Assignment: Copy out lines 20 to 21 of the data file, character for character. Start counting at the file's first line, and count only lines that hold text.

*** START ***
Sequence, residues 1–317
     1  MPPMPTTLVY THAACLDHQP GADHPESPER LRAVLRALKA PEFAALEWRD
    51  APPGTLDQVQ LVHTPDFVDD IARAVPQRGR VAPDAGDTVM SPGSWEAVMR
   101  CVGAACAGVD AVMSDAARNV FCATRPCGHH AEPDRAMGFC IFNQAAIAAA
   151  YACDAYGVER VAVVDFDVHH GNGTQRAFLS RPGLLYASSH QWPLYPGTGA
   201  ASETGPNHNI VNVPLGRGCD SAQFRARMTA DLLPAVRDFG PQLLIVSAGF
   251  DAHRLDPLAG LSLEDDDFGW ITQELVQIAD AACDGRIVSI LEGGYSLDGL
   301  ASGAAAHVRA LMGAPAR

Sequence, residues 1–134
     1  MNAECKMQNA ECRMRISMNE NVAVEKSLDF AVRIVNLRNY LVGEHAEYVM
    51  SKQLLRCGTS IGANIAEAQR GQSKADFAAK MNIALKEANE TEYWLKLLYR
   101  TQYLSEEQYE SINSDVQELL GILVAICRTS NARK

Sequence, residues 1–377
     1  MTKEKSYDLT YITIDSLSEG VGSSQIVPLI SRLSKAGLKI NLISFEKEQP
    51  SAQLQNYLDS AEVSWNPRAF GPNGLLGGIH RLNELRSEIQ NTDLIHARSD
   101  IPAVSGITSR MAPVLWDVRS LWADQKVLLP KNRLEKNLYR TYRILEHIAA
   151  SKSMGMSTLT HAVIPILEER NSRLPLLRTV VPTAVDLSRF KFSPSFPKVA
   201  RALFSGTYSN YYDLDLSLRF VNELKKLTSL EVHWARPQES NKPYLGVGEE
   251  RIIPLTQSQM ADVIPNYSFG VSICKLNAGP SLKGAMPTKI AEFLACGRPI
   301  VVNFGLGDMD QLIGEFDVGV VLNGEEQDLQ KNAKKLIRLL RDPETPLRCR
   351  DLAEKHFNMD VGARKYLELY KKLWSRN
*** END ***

   301  VVNFGLGDMD QLIGEFDVGV VLNGEEQDLQ KNAKKLIRLL RDPETPLRCR
   351  DLAEKHFNMD VGARKYLELY KKLWSRN